"The best way to find yourself is to lose yourself in the service of others" - Gandhi.
Cryotherapy is a minimally invasive procedure that uses an extremely cold liquid or instrument to freeze and destroy abnormal tissue that requires elimination. It is also referred to as cryosurgery or cryoablation.
Cryogen used by specialist dermatologist or skin doctors to freeze skin lesions is liquid nitrogen (the most common method used by doctors). Liquid nitrogen has a temperature of-196 degrees celcius.
The nitrogen is applied to the skin lesion for a few seconds using a cryospray, depending on the desired diameter and depth of freeze. The treatment is repeated in some cases, once thawing has completed. This is known as a ‘double freeze-thaw’.
Lesions that are commonly treated by cryotherapy include actinic keratosis ( a precancerous skin lesion caused by sundamge), viral warts, molluscum contagiosum in adults and seborrheic keratosis (or senile warts). Other none cancerous lesions that can be treated includes skin tag, keloids and xanthelasmas (cholestrol spots).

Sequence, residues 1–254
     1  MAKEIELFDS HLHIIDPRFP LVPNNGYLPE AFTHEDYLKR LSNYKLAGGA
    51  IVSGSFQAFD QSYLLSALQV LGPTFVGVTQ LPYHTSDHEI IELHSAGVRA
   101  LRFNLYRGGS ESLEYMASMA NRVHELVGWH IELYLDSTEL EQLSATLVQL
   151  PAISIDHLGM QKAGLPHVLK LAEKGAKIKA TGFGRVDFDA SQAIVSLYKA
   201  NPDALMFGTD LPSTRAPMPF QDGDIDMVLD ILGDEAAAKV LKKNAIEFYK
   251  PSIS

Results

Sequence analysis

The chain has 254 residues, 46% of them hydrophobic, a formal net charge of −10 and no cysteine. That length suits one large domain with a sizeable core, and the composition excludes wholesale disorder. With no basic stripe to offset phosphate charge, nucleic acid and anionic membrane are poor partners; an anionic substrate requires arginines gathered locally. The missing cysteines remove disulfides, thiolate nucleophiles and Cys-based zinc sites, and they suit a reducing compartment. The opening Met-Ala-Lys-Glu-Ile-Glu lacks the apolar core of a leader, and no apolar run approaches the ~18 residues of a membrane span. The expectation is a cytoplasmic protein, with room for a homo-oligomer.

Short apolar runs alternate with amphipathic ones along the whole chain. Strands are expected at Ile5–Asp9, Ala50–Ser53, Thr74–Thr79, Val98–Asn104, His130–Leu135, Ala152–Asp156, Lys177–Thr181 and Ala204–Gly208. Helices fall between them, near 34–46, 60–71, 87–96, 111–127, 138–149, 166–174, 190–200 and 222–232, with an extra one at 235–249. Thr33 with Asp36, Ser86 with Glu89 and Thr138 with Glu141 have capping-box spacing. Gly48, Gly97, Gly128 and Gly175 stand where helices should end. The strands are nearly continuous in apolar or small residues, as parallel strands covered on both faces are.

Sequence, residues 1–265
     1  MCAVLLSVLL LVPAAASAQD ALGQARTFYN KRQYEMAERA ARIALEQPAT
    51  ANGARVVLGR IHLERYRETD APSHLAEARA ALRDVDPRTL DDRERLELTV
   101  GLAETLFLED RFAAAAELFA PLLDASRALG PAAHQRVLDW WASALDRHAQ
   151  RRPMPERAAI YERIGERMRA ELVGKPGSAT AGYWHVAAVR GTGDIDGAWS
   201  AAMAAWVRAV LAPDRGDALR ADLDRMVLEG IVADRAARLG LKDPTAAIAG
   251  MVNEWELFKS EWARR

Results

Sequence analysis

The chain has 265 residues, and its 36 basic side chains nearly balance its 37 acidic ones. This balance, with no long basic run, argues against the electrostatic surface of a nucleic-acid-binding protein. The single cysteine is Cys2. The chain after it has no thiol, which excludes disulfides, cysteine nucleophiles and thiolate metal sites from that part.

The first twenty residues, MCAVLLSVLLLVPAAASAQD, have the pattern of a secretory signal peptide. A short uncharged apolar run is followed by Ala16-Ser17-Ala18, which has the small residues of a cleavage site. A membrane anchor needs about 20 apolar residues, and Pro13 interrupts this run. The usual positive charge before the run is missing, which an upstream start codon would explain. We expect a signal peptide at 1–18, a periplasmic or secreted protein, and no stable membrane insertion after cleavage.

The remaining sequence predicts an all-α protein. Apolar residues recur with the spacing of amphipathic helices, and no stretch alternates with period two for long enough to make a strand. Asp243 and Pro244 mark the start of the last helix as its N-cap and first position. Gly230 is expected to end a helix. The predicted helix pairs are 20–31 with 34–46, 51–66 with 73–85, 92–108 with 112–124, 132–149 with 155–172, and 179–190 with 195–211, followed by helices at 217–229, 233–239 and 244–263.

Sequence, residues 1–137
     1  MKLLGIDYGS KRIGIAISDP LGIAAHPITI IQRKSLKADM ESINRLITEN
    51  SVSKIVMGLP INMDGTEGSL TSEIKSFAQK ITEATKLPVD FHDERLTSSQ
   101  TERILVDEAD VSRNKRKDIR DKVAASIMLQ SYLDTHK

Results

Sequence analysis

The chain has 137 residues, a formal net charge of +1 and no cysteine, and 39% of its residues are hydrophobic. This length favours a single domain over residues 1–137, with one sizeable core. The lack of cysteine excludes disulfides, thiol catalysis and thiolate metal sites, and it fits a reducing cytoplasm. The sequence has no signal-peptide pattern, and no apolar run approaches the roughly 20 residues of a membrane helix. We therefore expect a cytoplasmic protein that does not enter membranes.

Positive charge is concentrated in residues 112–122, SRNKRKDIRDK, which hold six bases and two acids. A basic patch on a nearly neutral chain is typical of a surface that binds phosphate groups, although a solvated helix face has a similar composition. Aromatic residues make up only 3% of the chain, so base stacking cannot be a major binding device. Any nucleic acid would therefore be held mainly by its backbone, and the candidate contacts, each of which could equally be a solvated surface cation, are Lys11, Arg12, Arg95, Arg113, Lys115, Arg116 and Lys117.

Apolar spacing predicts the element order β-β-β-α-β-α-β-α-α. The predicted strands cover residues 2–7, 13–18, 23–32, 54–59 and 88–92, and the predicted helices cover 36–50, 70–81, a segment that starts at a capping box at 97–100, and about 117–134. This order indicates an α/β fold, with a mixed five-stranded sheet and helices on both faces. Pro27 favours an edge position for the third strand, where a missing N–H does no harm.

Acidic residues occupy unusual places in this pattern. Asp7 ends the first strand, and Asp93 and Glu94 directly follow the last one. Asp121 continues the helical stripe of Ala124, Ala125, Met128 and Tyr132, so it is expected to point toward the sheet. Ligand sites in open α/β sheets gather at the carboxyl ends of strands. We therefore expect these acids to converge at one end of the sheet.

Specialist dermatologists sometimes freeze small skin cancers such as superficial basal cell carcinomass and in situ squamous cell carcinomas (intraepidermal carcinoma, Bowen disease), but this is not always successful so careful follow-up is necessary.
Freezing may be the most suitable way of getting rid of many different kinds of surface skin lesion. It is relatively inexpensive, safe, and reliable. However, it is important that the skin lesion has been properly diagnosed. It should not be used to treat melanoma or any undiagnosed pigmented lesion that could be melanoma.
Cryotherapy is hardly ever used in young children, it’s used with caution in dark skinned patients as it may lead to hypopigmentation. Dermatologist also prefer not to use it on corners of eyes, fold of skin between nose and lip, skin surrounding nostrils and skin overlying nerves.